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Home > Marine Life > Dolphins

Hawaiian Dolphins
Hawaiian name: Nai’a

About Hawai'i's Dolphins
   > Spinner dolphins
   > Spotted dolphins
   > Bottlenose dolphins

How HWF works to help Dolphins
   > Supports dolphin research projects
   > Educates people about dolphins


The Hawaiian spinner dolphin is nocturnal, resting near shore at day.

> About Hawai'i's Dolphins
Three species of dolphins are commonly seen in Hawaii's near shore waters: spinner, bottlenose and spotted.

· Spinner Dolphins
Spinner dolphins (Stenella longirostris) are the species most commonly enjoyed by visitors because they frequent regular near shore areas during the daytime to rest after nocturnal forages in deeper water for food. This small, long-beaked dolphin can "spin" or revolve around its longitudinal axis as many as six times on one leap out of the water. They are found in resident pods around all of the main islands, resting in shallow bays in the day and hunting at night for small schooling fish.

· Spotted Dolphins
Spotted dolphins (Stenella attenuataare) easily confused with spinners; they are closely related and look very similar. However, the end of the rostrum or "beak" is white-tipped and mature animals have a spotted color pattern on the body. Spotted dolphins are usually seen in the channels between the islands and do not rest near shore. Both spotted and spinner dolphins travel in schools from small numbers up to hundreds, and they are the two species caught in tuna nets in the eastern Pacific.

· Bottlenose Dolphins
Bottlenose dolphins (Tursiops truncatus)are distinguishable from spotted and spinner dolphins by their much larger size, their uniformly gray coloration and their thicker, blunter rostrum. They are usually seen in smaller pods or groups of less than 10 individuals. Intelligent and high up on the oceanic food chain, dolphins are found to engage in playful activities including bow riding where they surf in front of a boat or even a whale's bow wave.

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> How HWF works to help Hawaiian Dolphins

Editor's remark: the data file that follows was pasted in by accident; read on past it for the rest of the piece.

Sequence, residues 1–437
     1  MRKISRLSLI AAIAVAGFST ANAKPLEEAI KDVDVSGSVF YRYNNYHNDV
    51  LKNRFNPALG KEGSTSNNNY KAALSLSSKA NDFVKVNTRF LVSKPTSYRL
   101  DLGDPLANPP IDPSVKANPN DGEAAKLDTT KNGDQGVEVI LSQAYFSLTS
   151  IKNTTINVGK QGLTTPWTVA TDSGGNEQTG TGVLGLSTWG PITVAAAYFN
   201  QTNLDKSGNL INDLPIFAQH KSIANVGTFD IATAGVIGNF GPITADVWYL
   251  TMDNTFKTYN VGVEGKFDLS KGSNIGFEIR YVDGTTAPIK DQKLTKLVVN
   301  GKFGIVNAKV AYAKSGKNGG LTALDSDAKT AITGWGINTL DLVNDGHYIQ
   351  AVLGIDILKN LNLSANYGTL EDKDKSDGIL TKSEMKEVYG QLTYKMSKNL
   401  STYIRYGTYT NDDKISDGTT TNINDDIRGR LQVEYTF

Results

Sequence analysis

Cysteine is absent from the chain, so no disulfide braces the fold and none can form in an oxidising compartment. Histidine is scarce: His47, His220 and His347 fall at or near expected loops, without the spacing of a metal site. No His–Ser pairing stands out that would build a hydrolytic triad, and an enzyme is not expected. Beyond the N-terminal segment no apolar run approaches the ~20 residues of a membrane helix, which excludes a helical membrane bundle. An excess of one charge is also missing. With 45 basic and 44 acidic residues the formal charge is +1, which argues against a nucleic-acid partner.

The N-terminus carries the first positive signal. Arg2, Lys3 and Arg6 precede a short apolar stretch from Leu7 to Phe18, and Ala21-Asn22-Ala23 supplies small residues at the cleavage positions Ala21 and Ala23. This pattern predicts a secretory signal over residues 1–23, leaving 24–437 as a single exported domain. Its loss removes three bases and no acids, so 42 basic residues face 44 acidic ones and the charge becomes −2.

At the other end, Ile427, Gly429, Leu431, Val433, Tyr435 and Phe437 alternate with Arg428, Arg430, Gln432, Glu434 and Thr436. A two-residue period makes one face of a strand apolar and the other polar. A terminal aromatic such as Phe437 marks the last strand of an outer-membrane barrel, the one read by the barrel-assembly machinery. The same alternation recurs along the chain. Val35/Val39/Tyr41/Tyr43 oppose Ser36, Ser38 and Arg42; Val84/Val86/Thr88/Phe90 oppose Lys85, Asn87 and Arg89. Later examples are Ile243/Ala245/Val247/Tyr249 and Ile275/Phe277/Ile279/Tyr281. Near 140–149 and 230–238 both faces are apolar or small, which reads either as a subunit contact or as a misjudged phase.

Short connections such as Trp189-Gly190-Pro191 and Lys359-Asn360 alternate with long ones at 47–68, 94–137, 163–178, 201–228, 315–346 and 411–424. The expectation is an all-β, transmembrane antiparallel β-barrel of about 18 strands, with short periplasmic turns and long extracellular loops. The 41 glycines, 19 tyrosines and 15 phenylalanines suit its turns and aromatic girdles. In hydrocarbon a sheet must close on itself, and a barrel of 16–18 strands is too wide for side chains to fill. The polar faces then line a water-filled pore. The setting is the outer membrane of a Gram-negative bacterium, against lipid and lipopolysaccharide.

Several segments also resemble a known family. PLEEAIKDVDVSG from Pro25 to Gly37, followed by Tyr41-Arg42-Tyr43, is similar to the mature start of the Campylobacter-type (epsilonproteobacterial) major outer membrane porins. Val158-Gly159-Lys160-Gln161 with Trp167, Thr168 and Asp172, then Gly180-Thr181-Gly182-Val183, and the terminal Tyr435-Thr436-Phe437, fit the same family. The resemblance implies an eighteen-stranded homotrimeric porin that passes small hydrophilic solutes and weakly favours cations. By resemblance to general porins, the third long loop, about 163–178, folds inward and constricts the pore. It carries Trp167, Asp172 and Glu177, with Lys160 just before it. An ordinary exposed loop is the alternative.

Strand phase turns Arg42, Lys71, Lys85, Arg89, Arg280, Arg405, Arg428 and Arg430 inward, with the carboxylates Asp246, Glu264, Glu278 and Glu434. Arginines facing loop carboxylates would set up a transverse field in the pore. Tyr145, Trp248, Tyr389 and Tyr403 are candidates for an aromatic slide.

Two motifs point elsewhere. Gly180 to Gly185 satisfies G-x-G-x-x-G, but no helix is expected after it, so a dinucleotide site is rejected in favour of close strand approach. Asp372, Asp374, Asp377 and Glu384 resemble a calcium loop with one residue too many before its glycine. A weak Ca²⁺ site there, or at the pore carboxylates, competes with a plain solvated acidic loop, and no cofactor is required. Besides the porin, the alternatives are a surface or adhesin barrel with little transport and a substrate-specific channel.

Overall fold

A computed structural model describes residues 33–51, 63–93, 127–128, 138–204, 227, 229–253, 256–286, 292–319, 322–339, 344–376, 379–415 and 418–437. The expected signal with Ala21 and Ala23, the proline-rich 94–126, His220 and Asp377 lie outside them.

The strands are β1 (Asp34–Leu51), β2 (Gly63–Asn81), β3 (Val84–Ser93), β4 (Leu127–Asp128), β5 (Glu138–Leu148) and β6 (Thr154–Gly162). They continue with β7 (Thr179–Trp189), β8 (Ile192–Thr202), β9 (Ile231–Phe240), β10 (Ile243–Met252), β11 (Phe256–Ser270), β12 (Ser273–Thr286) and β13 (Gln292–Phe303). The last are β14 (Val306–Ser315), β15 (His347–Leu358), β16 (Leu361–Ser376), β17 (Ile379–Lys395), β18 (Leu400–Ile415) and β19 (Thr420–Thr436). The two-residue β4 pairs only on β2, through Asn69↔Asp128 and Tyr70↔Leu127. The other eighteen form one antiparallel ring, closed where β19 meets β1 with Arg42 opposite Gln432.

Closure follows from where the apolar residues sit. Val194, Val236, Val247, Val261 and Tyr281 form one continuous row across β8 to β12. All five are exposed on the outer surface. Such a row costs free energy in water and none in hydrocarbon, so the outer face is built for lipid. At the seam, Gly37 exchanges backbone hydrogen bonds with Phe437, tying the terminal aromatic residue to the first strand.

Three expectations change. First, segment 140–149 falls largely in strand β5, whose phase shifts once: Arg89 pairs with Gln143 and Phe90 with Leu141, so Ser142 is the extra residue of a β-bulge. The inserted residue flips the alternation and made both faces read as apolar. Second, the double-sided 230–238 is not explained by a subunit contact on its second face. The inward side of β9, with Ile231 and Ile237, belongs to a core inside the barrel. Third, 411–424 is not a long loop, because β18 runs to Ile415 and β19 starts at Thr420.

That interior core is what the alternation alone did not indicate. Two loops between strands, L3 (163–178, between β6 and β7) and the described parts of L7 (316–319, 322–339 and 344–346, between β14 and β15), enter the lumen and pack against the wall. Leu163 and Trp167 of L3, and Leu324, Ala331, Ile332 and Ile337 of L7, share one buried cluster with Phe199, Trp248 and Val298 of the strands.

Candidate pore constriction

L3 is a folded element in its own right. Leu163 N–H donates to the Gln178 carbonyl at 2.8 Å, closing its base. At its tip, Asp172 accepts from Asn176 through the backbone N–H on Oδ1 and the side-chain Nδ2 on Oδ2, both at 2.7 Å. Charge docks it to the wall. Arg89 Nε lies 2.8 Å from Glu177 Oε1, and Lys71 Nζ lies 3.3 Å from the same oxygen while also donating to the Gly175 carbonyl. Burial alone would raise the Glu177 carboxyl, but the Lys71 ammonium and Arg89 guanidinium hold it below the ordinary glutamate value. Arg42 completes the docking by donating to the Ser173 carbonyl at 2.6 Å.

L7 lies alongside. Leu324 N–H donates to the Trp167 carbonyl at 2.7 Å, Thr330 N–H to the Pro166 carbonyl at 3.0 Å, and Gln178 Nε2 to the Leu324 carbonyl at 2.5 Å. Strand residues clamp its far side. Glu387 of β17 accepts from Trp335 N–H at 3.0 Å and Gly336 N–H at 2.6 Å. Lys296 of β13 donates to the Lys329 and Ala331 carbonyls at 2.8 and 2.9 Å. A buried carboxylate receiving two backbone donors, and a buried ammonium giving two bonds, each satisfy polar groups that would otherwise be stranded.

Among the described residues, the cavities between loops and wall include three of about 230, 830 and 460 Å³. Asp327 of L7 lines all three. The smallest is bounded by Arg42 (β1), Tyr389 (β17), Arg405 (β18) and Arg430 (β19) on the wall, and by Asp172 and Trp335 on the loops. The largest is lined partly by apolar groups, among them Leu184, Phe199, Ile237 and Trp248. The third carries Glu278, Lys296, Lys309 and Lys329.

· Supports dolphin research projects
HWF has collaborated with whale researcher Robin Baird. His research has contributed to the understanding of dolphin population dynamics and distribution in Hawai'i. Dr. Baird has investigated the diving behaviors of false killer whales, humpback whales and spotted dolphins. He has documented the inter-island movements of spinner dolphins, and determined population sizes of bottlenose dolphins.

· Educates people about dolphins
HWF naturalists teach thousands of island residents and visitors each year about dolphin ecology, threats to the marine environment and respectful wildlife watching guidelines, including the following.

  • Never feed dolphins, this encourages them to accept foreign and potentially dangerous objects.
  • Observe dolphins from a distance, never chase them.
  • Help keep the ocean clean, and pick up floating trash.
  • Under the Marine Mammal Protection Act, it is an offence to disturb or harass any marine mammal.
   MORE > REEF USE GUIDELINES

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Hawai'i's 5 Species
of Sea Turtles
Spinner dolphin - photo by Suzanne Canja
Spinner dolphin
Spotted dolphins - photo by Suzanne Canja
Spotted dolphins
Bottlenose dolphin - photo by Carrie Robertson
Bottlenose dolphin
Bottlenose alongside a boat - photo by Suzanne Canja
Bottlenose dolphin
Dolphin over under - photo by Suzanne Canja
Spotted dolphins
Bottlenose smiling - photo by Suzanne Canja
Bottlenose
Bottlenose leaping - photo by Suzanne Canja
Bottlenose dolphins
Hawai'i Wildlife Fund    •   PO Box 790637 Paia, HI 96779   •   808.280.8124    •   wild@aloha.net   •   http://wildhawaii.org
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